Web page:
Ok… so the title may be slightly misleading as this post is about Hot and Cold therapy for injured athletes.
If you track my recent Strava activities you may have spotted that I thought I had an issue with a trapped nerve… It was later found to be a probable sacroiliac joint injury in my lower back.
After some time off attempting to rest this, my sport therapy magician who frequently puts me back together after I suffer overuse injuries, suggested hot/cold therapy… something I had not used in a little while and with the relief offered, I thought now could be a useful time to remind others of the benefits.
For many, slowing down and acknowledging an injury may seem like giving in but it really is a classic case that you must listen to what your body tells you… especially if you wish to avoid long term, or even permanent damage.
Horses for Courses & Picking the Right Treatment
After the acceptance that you need to sort it, the recovery period can rapidly become one of the most sensitive and daunting periods for any athlete. Treatment during this period is crucial since lack of, or improper treatment of the injury may cause delays in the recovery or even a relapse. However, in my experience, many athletes do not know of the proper treatments that should be utilised during recovery and thus end up training extremely hard in an effort to train the injured muscles or ligaments… more often than not, this results in overreaching, burnout, and poor performances which may lead to detraining.
Ice, Ice Baby…
One of the best therapeutic models to use as a recovery treatment to speed up the recovery process is Hot and Cold therapy. You’ll almost certainly have used the ice approach as part of a RICE (Rest, Ice, Compression & Elevation) regime since this is one of the most common treatment methods to relieve pain in our day-to-day lives. For example, when you roll an ankle its normally a go to treatment to use ice packs to relieve the pain.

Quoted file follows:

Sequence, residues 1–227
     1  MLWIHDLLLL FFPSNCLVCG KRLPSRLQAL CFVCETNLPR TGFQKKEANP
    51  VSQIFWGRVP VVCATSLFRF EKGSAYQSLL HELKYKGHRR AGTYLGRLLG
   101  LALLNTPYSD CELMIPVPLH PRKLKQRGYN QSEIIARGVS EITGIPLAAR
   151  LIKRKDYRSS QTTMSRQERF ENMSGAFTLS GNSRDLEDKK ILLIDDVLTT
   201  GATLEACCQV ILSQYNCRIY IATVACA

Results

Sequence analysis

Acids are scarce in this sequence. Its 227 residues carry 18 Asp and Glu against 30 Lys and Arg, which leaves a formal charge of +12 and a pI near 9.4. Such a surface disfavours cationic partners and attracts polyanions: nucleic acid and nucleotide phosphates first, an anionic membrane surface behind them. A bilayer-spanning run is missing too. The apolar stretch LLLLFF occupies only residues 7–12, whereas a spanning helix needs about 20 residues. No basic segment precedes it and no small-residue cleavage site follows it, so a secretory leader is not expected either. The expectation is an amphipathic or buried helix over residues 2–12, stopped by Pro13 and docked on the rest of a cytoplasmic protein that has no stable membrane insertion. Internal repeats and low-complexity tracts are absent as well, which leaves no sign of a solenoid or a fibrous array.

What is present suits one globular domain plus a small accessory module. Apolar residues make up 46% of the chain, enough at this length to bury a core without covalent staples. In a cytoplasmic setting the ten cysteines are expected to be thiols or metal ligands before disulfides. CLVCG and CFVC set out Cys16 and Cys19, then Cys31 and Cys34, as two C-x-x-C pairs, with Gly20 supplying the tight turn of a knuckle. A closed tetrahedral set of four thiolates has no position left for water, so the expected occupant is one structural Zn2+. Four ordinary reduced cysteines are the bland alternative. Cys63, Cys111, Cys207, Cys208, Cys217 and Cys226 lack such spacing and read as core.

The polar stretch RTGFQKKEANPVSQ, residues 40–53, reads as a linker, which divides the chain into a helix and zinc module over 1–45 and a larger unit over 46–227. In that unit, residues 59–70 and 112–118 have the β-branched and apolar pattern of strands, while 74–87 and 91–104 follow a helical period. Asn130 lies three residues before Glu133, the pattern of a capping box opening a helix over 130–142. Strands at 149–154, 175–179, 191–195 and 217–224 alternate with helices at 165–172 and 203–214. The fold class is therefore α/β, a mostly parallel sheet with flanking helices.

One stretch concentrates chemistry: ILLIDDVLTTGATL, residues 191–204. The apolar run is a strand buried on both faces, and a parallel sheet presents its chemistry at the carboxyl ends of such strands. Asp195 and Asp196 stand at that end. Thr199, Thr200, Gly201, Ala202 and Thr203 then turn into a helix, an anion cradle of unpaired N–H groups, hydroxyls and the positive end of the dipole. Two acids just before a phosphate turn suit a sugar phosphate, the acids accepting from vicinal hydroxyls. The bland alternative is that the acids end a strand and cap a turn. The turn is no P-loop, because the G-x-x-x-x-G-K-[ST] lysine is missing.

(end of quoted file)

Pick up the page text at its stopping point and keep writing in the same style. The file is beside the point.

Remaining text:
The ice therapy aims at reducing the tension in the injured muscles. Cryotherapy (applying ice) to give the treatment its proper name, reduces the inflammation in and around the injured muscles. It works by contracting the blood vessels in the muscle, reducing blood flow to the area, and reducing inflammation.
What about Turning up the Heat?
However, it’s not as commonly understood that to achieve maximum tension reduction, hot and cold therapies must be used one after the other, with the cold therapy ending each session. Hot therapy works by using heat to relax the muscles… when heat is applied to the injured area, the blood vessels around the area get dilated, promoting blood flow around the area. Heat therapy alone is particularly helpful when the muscles are spasming. A muscle spasm, sometimes known as a muscle cramp, can be best described as when there is a sudden and involuntary contraction for a temporary period in one or more muscles.
And so to Hot & Cold!
Using this approach has worked wonders on my sacroiliac joint injury. The results have been incredible. In a sacroiliac joint injury, the ligaments tend to be too loose or too tight. As a result, the injuries can get very painful. To reduce the tension and swelling in the inflamed area, hot and cold therapy per the cycle I described above. However, it is important that you do not apply the ice or cold pack directly to the skin when doing cryotherapy (ever seen the scene in ‘Dumb & Dumber’ with a tongue stuck to a metal pole)? Instead, wrap the ice in a towel before applying it to the inflamed area. Failure to do so will result in ice burns which can aggravate the pain and the injury’s extent.